240 / Don't vote according to a how-to-vote card


In the Grand Scheme of Things, well, this is rather important: Don't vote according to a how-to-vote card ... it probably is not in your interest - how so?

One hears this nonsensical comment all the time: "What's the point in voting ... the parties are all the same, there's no real difference!" Oh, really? That may make sense for the two major parties. But you sell yourself (or rather your vote) short if you only consider the majors.

This is the long and short of it: For the Parliament (small, green ballot paper), vote 1 for a minor party (and 2, 3 as well) who really stand for what you believe in, even though they may not have a chance of "getting in".  UPDATE: Only now did I look up my choices where I vote (North Sydney) and the parties I would want to preference are not standing any candidates here, so my vote goes straight to 1 Greens and then 2 Labor ... If you spend 15 min with this issue, you realise it's a no-brainer. Myself, for instance, I will not vote for the Liberals, nor will I vote for Labor; my vote will go to the Greens (however, as you'll see, if it can't be helped, I want my vote to go rather to Labor than Liberals). That's for the Lower House (the House of Representatives, the Parliament, where you have the PM, the ministers and the opposition), the small, green voting card ... remember, you must put a number in each of its fields. Check out the AEC website for details and examples.

On the large, white ballot paper you vote for the Upper House, the Senate (we have a two-tiered Government system ... where laws that are drafted in the Parliament have to pass the Senate; this is why it's so important that the Government party does not also have the majority in the Senate). On this paper you can put a number 1 above the line, or you have to (unbelievably) put a number in each box below the line (that's more than 100). Here's the rub: If you choose the first, you don't necessarily know where that party sends their preferences, unless you inform yourself right here. This is another huge Government PDF ... but don't despair, it shows you the preference choices of each and every Senate candidate. For instance, scroll down to Group P - Sex Party. They have two candidates, after them, their next preference 3 and 4 are the Voluntary Euthanasia Party, 5 and 6 Stop CSG (Coal Seam Gas mining) etc. If you want to know where preferences will flow, this PDF is a very useful information source ... and the only one I know of.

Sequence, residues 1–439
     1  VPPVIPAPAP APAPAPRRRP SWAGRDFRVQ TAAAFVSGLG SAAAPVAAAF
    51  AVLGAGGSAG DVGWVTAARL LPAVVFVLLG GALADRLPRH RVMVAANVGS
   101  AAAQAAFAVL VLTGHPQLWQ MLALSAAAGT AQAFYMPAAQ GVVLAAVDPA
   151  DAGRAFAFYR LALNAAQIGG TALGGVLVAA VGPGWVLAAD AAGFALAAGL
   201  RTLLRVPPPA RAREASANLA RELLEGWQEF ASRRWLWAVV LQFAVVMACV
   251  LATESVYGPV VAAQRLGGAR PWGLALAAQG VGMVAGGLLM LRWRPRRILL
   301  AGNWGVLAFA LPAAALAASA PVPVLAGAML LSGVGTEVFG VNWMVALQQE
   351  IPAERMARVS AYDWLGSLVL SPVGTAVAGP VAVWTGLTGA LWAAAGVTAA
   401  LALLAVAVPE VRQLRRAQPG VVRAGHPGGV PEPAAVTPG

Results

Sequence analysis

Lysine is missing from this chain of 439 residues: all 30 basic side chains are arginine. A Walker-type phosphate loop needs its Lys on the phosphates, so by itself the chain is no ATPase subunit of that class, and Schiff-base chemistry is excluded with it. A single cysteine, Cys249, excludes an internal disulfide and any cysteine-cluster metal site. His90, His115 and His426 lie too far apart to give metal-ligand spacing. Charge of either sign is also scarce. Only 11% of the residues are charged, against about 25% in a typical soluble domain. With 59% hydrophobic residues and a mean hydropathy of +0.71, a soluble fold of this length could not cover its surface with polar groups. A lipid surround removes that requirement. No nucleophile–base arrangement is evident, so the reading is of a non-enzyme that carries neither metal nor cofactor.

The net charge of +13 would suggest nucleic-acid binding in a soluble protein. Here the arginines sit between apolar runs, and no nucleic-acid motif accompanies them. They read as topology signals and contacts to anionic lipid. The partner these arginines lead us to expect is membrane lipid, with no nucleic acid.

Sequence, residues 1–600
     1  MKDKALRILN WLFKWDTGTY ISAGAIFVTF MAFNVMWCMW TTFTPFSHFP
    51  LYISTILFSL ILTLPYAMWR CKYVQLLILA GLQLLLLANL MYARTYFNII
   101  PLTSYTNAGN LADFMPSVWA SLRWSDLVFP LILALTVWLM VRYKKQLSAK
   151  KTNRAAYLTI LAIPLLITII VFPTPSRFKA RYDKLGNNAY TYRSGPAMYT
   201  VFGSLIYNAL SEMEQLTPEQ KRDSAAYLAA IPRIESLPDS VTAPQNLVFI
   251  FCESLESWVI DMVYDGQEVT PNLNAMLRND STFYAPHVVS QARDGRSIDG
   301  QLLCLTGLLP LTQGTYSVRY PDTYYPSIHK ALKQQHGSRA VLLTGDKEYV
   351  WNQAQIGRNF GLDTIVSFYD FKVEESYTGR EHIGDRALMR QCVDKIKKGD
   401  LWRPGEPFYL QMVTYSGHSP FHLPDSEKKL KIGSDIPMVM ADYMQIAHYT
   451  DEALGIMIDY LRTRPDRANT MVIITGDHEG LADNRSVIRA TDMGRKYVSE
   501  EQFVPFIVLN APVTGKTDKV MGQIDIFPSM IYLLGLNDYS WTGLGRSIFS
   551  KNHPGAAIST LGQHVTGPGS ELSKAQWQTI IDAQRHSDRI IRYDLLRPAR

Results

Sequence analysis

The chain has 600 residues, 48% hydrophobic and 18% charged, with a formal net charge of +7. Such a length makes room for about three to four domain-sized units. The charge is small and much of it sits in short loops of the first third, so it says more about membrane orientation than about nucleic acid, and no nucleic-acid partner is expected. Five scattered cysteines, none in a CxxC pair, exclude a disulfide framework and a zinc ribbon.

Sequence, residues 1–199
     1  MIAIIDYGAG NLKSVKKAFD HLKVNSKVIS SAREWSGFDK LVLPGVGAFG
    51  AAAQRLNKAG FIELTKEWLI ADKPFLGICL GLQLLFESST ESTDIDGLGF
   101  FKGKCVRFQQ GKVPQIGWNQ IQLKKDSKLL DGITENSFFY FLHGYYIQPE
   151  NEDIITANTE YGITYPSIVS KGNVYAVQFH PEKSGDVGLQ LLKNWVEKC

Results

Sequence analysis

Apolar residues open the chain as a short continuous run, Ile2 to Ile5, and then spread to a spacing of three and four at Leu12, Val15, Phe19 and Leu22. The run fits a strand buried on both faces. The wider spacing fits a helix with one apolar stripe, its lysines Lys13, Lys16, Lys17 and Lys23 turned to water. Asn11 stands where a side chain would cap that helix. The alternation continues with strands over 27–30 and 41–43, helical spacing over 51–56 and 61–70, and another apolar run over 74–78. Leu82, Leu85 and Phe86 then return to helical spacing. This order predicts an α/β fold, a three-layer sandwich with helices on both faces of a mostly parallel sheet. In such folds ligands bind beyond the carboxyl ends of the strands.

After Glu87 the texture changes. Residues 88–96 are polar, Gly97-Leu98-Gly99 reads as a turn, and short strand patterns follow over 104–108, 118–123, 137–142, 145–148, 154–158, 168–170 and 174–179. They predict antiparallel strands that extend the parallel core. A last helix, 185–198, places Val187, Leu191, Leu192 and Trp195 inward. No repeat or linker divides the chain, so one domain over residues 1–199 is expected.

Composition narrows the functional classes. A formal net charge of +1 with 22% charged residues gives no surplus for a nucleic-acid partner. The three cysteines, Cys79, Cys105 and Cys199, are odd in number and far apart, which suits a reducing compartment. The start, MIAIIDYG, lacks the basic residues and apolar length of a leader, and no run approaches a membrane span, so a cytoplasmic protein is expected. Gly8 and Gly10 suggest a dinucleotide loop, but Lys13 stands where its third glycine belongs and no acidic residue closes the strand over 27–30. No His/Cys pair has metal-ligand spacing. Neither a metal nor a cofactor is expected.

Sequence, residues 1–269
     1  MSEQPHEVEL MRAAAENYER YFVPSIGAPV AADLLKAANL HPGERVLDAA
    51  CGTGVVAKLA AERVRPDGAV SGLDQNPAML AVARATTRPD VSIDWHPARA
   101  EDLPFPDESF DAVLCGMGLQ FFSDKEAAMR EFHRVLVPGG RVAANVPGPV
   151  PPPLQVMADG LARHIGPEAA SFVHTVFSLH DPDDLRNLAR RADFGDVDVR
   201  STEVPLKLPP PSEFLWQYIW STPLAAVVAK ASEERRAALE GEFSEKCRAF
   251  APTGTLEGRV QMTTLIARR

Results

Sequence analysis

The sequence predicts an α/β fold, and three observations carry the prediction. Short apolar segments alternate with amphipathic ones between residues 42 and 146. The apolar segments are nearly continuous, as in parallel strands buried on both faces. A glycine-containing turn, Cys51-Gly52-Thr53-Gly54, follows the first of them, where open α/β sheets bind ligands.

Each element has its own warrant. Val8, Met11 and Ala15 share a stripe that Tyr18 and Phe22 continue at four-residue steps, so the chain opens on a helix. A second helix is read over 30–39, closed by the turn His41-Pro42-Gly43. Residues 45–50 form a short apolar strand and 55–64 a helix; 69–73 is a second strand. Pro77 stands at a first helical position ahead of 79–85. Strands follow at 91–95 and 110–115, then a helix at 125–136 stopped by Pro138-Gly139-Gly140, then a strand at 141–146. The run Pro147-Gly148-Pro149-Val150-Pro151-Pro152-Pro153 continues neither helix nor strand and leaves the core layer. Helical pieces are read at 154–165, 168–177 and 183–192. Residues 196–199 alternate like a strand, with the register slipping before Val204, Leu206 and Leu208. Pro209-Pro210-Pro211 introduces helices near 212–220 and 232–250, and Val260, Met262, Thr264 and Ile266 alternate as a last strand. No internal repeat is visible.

But have a look at what the Sex Party stands for ... (link on the right of my BLOG AND LINKS summary page): 

Churches to pay their fair share of tax; same sex marriage; abortion: read their policy; 
regulate and tax marijuana; decriminalise personal drug use; no data retention; national anti-discrimination laws; legalise voluntary euthanasia ... all very sensible stuff, so for the Parliament they get my number 1. UPDATE: They don't stand a candidate in North Sydney, so I only can vote for them on the large White Ballot paper for the Senate, which is covered if I vote 1 Greens above the line

My number 2 goes to the Secular Party (I have a link for them too on my BLOG page): 

Imagine no religion in government; we want all Australians to enjoy freedom of and from religion in a liberal, secular democracy. UPDATE: They don't stand a candidate in North Sydney, so I only can vote for them on the large White Ballot paper for the Senate, which is covered if I vote 1 Greens above the line

For the Senate I have now decided to do it the hard way and VOTE BELOW THE LINE after all that's the only safe way; phew ... I've got to look up what for instance The Future party is all about. Anyway, that's probably a good thing. The thing is to number early on the parties where you know their agenda (and like it) and then number the party you want to end up with, i.e. Greens, Labor or Liberal ... but don't forget to then number all the others. Here's another way to go: Read the spiel by Anthony Green about how to vote smart ... he's really smart.
So ... this is it now, I'm over the election and voting. Good Night and Good Luck.

Before I hand over to Patrick Alexander, who's produced this comic, let me just say this (omg, did I really choose that phrase?) ... make sure to read the last point he makes in his comic (about why voting for minor parties is important and good). You may like this sort of comic or you may not, but bear with him, he explains the issue very effectively. 



Dennis the Election Koala gives Ken the Voting Dingo an important lesson in civics!


Any time there’s a federal election approaching, you’ll see and hear Australians saying things like, “I’d like to vote for [Minor Party/Independent] but the most important thing is to keep [Major Party A] out, so I’d better vote for [Major Party B].” But this concern doesn’t apply in Australia; we have a more elegant voting system than that. We seem to have picked up ideas about “wasting your vote” from American TV shows or something.


So here’s a comic designed to clear up this common misconception and explain how preferential voting works! I’ve tried to make it non-partisan and future-proof, but I declare my interest: I'm a Greens member.






















 

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